Home | Industry & Reform | ‘A long way to go’ before we see gender equity in nursing
Chief executive of the Australian College of Nursing Kylie Ward. Picture: Supplied.

‘A long way to go’ before we see gender equity in nursing

This International Women's Day allows us to honour the achievements and contributions of women in health who have kept communities safe during the pandemic.

And yet nursing, the most female dominated profession in the world, continues to grapple with record rates of occupational violence, gender based discrimination and harassment.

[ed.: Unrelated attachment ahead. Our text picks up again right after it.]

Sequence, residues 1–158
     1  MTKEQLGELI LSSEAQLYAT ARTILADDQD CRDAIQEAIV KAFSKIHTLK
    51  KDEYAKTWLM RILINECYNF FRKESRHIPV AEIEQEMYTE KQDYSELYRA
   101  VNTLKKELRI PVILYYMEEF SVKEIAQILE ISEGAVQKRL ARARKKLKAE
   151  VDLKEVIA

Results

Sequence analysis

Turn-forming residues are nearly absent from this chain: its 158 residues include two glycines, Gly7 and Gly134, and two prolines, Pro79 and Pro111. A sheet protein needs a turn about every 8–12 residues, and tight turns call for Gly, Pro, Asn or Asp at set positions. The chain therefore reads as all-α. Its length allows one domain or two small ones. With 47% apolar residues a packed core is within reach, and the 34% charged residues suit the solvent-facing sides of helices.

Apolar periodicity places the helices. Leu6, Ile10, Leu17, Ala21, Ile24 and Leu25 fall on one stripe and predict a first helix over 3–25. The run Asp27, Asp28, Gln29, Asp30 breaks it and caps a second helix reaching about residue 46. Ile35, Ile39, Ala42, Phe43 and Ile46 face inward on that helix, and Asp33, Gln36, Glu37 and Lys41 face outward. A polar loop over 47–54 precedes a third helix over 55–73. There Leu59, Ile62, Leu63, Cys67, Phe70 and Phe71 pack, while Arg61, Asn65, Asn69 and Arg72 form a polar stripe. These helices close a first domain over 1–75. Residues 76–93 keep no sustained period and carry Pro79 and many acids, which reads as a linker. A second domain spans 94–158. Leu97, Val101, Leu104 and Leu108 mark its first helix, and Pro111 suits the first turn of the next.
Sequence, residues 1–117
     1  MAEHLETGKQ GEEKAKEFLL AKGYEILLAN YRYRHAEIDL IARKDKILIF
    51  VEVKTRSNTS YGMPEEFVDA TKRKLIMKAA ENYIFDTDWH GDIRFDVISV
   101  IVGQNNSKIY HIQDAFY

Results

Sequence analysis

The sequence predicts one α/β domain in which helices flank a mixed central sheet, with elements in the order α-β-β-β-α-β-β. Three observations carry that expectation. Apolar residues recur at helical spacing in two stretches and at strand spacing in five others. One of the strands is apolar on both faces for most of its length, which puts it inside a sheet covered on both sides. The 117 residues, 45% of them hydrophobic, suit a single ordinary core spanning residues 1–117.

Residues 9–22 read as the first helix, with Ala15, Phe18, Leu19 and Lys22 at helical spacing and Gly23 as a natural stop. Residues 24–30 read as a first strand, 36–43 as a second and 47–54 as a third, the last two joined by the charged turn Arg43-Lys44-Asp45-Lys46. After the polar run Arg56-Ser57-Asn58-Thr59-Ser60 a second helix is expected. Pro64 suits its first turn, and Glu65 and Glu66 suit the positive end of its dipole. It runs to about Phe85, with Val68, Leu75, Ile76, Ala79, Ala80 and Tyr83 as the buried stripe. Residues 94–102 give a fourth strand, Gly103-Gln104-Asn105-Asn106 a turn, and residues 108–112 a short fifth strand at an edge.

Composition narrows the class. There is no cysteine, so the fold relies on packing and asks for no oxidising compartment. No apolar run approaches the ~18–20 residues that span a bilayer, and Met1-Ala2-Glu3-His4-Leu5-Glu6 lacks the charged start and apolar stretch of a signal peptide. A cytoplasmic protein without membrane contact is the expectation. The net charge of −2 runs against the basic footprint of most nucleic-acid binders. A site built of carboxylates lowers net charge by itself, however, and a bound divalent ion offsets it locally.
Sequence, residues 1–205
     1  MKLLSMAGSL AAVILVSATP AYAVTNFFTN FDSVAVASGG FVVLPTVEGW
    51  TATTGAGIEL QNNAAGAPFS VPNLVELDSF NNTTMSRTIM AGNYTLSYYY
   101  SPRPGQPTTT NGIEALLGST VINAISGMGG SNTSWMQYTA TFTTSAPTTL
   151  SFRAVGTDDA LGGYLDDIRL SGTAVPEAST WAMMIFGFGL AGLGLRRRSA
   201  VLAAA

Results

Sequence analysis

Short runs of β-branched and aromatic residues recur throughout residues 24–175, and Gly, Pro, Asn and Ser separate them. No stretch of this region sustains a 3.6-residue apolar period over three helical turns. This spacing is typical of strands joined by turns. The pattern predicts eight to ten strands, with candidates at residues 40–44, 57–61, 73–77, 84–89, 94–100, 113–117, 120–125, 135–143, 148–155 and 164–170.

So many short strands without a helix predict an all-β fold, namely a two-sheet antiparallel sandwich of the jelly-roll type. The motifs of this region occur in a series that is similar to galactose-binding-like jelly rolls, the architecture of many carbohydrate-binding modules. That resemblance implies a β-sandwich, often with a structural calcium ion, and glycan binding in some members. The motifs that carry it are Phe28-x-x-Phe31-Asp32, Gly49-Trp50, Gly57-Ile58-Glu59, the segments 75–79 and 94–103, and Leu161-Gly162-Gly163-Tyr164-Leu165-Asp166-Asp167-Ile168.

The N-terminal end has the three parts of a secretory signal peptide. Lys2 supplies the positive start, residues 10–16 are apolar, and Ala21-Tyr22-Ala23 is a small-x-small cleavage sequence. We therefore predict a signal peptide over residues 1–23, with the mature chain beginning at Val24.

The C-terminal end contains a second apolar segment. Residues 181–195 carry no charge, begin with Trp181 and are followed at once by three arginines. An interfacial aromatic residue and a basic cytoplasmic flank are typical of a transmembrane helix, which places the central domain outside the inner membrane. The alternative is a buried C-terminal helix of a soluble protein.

Australian College of Nursing chief executive, Adjunct Professor Kylie Ward, began her own career in nursing at Sydney's Westmead hospital 30 years ago.

While things have progressed, there are still mountains to climb to achieve equality, she says.

“Nurses are still fighting for equity in pay, we’ve got gender-based discrimination, we’ve got gender-based violence, so there’s still a lot more to do," she says.

“During COVID-19, it’s been women who have turned up at the shopping centres, the preschools and schools, and the health facilities, and kept this nation safe.

“I would hope that respect would be shown by decision makers and politicians to give the pay we deserve and to give us an equal seat at the table.”

Ward spoke with Nursing Review to celebrate female nurses and reflect on the battle for gender equality in healthcare. 

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